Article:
Spanish Politics: Ten Lost Months

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Mr Rajoy has appointed his new cabinet ministers on Friday. When we talk about governance in Spain, with what is clearly a minority government, the socialist party’s participation in this future looks inevitable. And only then will we witness its capacity for reinvention and getting past the slogans.

For months, the PSOE outrightly refused to facilitate the investiture of Mariano Rajoy, the representative of the party which won the most votes. They used apocalyptic messages about the situation in Spain and about its citizens.

The demands most called for by the PSOE over the last legislature and the last ten months include the repeal of the labour reform, the education law (LOMCE) or the Public Safety Law. Without taking into account the sustainability of the pensions system, regional government financing and a long etc. And always with the unavoidable necessity of complying with a public deficit cut required by Brussels which would leave this at 3.1% of GDP by end-2017.

The Spanish people don’t know what amendments need to be made to any of these regulations or laws. This is because neither of the two main parties, who are supposedly obliged to discuss them in parliament and reach an agreement, have revealed any idea of what elements they aspire to change.

With regard to the education law, known as LOMCE and approved in 2013, it would be interesting to know if the alternative proposed consists of destroying the long and wordy fifteen-part preamble, the around fifty pages in the State Bulletin modifying the previous regulations or the numerous other rules, whether provisional or definitive. Of if, on the other hand, the aim is to abolish the revaluation of the high school diploma, along with the effort which this qualification should bring with it.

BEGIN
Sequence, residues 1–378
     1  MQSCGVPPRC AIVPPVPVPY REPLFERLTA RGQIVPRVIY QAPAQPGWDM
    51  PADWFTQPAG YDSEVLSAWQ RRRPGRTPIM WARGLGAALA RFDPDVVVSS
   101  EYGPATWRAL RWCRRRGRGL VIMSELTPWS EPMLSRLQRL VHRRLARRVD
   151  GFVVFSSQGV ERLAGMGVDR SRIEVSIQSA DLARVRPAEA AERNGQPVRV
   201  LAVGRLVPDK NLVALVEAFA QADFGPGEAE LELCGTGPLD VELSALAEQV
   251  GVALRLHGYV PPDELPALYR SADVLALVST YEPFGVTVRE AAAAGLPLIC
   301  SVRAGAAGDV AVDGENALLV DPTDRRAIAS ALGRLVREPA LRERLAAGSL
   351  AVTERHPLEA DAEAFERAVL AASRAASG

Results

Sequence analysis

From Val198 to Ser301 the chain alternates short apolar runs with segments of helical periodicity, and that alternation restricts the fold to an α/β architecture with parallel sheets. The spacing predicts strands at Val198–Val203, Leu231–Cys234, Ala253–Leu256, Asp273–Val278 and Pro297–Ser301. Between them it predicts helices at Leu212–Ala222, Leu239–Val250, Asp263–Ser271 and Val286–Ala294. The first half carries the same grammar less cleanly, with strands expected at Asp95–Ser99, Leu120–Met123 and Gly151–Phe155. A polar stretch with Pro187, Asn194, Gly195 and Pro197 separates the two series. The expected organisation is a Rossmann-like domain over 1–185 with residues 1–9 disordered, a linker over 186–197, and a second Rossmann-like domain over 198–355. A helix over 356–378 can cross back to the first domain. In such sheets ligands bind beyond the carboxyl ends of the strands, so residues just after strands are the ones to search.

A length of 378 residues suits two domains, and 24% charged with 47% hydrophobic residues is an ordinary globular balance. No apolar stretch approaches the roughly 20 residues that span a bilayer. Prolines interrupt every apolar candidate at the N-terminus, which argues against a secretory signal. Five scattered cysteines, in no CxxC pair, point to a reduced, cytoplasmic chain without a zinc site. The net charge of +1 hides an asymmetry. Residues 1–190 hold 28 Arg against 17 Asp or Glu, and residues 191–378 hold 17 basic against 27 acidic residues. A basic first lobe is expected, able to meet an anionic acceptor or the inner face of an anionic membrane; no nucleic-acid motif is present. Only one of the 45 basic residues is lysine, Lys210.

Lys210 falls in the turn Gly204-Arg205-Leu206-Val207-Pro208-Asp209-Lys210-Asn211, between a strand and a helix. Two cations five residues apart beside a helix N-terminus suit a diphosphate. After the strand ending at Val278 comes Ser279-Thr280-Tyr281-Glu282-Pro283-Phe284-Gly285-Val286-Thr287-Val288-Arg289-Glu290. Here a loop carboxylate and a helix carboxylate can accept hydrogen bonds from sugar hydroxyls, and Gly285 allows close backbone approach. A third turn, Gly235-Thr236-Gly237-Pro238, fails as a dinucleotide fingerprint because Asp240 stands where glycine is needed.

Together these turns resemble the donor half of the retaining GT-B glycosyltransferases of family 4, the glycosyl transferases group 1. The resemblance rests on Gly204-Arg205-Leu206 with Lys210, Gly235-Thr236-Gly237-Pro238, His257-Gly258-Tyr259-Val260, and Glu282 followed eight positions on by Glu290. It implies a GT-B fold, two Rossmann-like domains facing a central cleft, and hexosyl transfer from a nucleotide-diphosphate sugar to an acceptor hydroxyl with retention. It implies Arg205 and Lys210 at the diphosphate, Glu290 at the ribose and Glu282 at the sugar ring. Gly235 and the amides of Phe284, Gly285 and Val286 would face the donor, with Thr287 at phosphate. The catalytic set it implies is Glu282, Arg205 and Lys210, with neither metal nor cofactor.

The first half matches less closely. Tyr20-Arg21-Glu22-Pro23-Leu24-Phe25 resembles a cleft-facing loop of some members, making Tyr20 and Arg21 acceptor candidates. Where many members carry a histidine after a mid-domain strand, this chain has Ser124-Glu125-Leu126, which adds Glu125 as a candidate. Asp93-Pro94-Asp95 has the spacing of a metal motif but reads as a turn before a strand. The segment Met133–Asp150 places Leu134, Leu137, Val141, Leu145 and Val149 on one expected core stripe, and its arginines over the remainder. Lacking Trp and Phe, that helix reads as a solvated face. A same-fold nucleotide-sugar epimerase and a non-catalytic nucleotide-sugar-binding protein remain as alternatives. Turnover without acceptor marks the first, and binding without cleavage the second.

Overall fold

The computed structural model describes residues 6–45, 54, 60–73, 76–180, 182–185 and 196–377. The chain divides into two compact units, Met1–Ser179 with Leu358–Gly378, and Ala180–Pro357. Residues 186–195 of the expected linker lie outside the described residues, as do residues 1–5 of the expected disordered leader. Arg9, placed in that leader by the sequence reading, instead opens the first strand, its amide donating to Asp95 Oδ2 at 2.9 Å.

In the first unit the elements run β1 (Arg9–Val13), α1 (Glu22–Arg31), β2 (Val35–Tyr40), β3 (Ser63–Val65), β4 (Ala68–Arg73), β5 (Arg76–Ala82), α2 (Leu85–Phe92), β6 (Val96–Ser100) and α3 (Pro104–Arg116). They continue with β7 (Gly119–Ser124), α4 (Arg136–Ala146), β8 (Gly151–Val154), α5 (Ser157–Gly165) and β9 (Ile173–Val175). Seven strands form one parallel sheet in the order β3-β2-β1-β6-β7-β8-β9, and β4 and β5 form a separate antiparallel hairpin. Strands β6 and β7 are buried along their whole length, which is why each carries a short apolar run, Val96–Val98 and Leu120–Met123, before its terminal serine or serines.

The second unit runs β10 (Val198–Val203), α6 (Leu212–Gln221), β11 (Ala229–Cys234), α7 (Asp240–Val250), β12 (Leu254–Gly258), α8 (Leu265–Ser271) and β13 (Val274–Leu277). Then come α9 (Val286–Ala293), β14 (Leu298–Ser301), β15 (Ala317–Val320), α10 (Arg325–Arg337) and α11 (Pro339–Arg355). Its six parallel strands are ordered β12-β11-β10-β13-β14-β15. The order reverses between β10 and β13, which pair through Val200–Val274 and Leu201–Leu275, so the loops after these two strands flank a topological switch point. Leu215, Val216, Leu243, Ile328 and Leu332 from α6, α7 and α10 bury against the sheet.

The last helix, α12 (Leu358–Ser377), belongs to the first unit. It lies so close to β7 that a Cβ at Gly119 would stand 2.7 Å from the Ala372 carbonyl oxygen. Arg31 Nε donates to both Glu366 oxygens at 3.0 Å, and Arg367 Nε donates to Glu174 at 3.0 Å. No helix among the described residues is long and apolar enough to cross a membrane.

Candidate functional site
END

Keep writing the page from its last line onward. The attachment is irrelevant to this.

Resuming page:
If the decision is to look in depth at the labour reform, which the PSOE wants abolished, then we are talking about a 63-page Decree Law with a long preamble, meticulously detailed and with an equally long-winded number of additional regulations. The reform has abolished part of Spain’s historic protection for workers and has made firing cheaper, but any analysis has to be put into context and its results in terms of creating jobs – which very possibly could be improved on – evaluated. And look at France, where a socialist government has more or less cloned the Spanish labour reform.

Something similar could be said about the Public Safety Law of 2015, a regulation with 54 articles and a variety of additional rules, both provisional and definitive. Surely something can be salvaged!

The issue is that, after ten months of limited governance, hardly anyone knows how far either of the parties is prepared to go to reach an agreement and this makes the markets nervous. After such a long period of political deadlock, they have been waiting for a stable government which can take consensual decisions in the coming months. And all this keeping in mind concepts like deficit or debt for which the left, in general, don’t have much sympathy.

About the Author

Carlos Díaz Guell
Editor at and, Carlos began his career in financial journalism as founding member of El País. He's been communications director of Bank of Spain, member of the ECC at the European Central Bank, Institutional Relations director at Iberia and editor at La Economía 16 magazine.